Species II


Species II is one of those movies that the studio was ashamed to screen for critics. This is dumb. True, I can’t imagine that there’s a critic in the world who could find more than one or two kind words for Species II. But since when does a movie about space aliens mating with human females depend on good notices? Memo to MGM: there’s no such thing as bad publicity. Just look what The New York Times wrote in its Saturday editions: “Species II … includes bloody murder, bloody births, exploding heads, partial nudity, shootings, simulated sex, monstrous couplings, profanity, foul language and bad parenting on the part of a U.S. senator.”

Now that’s the kind of press that sells tickets to the tits-and-aliens crowd. Hell, it got me into the theater. Typically, I enjoy a bad horror film a lot more than I enjoy, say, a bad romantic comedy. And after burning my fingers on the hot buttered schmaltz of City of Angels, I figured a major-studio B-movie might just salve the wound. But it seems that while any old hack can use the resources of an MGM to turn out a bad alien sex film (Species), it takes a veteran like director Peter Medak (The Krays) to make a boring one (Species II).

Patchwork special effects, indifferent performances, a tin ear for dialogue, and an overreliance on computer-animated effects work all conspire to make 95 minutes of this snail’s-pace sequel seem like a whole lot more. The storyline, by Hoodlum scripter Chris Brancato, is just so much interchangeable piffle about alien DNA in the Martian soil that infects some American astronauts on their way home from the angry red planet. When the weary travelers arrive home, their doctor cautions them not to have sex for 10 days. Since the aliens reproduce by mating with humans — killing the woman involved in the process — our space travelers are walking time bombs.

Attractive astronaut Patrick Ross (Justin Lazard) can’t keep it in his pants, and quickly beds — and thus dispatches — a comely young thing and her sister. In an intriguing subplot, Patrick drives around the greater Washington, D.C. metro area, impregnating hookers and then collecting the children who burst from their wombs in a shack out in the country. The eerie all-in-the-family brood he collects is never allowed to metamorphose into adult form, but the suggestion is vaguely creepy just the same. Naturally, nothing comes of it.

Meanwhile, we’ve learned that the beautiful Sil (Natasha Henstridge), the pesky alien/human hybrid from the first movie, has been cloned and now resides under glass in a government research facility where scientist Laura Baker (Marg Helgenberger, from the first film) is performing cruel experiments on her. Michael Madsen reprises his role from Species as a grunting specialist called in to help deal with the crisis. The whole mess culminates in an unappealing mishmash of cgi, model work, and uninspired derring-do as the good guys face the aliens with little insect-repellent spray-cans straight out of Ghostbusters. James Cromwell, who was dynamite in both Babe and L.A. Confidential, is stranded in the role of Ross’s once-proud papa, a U.S. senator.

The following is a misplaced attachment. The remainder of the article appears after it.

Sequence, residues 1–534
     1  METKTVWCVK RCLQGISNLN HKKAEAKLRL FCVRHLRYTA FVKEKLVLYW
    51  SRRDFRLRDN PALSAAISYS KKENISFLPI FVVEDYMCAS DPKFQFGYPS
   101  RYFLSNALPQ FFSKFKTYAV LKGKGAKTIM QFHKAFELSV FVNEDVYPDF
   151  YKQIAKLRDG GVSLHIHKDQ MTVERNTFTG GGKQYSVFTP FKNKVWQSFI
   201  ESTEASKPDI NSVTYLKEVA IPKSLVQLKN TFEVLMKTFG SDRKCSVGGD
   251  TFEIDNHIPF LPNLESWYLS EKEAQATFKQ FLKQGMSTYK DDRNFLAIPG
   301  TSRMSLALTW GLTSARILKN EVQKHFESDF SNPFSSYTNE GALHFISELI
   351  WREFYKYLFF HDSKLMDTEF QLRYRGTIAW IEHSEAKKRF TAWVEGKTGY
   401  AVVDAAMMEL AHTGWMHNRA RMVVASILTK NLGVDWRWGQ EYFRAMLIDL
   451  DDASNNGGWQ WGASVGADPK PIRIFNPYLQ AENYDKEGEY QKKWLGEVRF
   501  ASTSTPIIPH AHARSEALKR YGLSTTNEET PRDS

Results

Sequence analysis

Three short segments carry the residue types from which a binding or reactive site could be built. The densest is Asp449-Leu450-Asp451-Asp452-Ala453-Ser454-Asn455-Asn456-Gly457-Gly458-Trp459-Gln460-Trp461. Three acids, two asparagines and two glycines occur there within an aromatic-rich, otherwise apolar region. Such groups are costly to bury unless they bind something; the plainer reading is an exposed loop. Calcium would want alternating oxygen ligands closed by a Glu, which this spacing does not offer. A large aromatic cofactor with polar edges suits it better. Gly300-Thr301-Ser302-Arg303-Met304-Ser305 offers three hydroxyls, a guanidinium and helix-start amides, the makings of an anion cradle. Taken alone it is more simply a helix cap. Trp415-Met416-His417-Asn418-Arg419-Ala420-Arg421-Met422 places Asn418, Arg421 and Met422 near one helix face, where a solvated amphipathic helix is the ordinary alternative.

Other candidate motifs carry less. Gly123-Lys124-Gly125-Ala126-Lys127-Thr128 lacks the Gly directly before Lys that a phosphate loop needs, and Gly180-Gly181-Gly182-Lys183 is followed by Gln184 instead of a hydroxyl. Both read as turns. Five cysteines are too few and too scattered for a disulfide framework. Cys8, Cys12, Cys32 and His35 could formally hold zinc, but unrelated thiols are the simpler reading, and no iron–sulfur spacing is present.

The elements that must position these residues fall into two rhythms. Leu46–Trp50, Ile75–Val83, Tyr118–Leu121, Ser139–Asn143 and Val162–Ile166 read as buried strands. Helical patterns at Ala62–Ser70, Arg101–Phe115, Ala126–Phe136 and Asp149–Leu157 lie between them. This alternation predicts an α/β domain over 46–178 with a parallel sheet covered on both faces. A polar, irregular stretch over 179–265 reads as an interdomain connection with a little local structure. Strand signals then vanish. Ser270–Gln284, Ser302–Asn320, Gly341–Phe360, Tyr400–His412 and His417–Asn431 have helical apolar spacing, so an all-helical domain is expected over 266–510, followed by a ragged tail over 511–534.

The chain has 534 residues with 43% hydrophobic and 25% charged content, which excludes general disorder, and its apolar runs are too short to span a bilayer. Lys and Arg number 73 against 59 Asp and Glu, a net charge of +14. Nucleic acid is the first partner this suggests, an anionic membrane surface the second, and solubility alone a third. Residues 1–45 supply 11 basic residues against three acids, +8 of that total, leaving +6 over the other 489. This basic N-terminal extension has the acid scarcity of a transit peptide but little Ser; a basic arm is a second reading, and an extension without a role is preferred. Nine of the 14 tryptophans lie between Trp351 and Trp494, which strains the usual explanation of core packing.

You really have to feel sorry for Madsen and Helgenberger, Species veterans who join Natasha Henstridge as two-time losers. Madsen doesn’t look like he gives a shit, which may be his way of staying in character, but Helgenberger is earnest to a fault in a role that doesn’t deserve earnest. Henstridge, meanwhile, has nothing to do for the movie’s first 85 or so minutes except stand around looking pretty and sad because her chaperones won’t let her out to play. Once she leaps out of her glass cage, she’s given just enough screen time to get shot to death, take her shirt off, and get screwed by an alien sex fiend — in exactly that order. Henstridge is a beauty, but a distinctly passive beauty — she was more striking in the original, when you could interpret her brazen sexual aggressor as a reflection on some of the gorgeously vacuous natives of Los Angeles County, a much more satisfactory backdrop for this kind of story.

In reviewing Species, I noted disapprovingly that the real horror depicted in that movie seemed to be the female body in all its breast-baring reproductive glory. If Species was a little paranoid on the subject of women’s biology, then Species II must be a misogynist’s delight. A gratuitous rape scene is just a set-up for a dumb joke. And while the better science-fiction concepts seem to be borrowed from the superior Alien series, these alien offspring never take male hosts. The result is a lot of bloody, naked female corpses. In a better movie, all this sex-and-death imagery might have been a little disturbing, but it just makes Species II seem as distasteful as it is dopey.

Directed by Peter Medak
Written by Chris Brancato
Starring Michael Madsen, Marg Helgenberger, Justin Lazard,
and Natasha Henstridge
Theatrical aspect ratio: 1.85:1
USA, 1998

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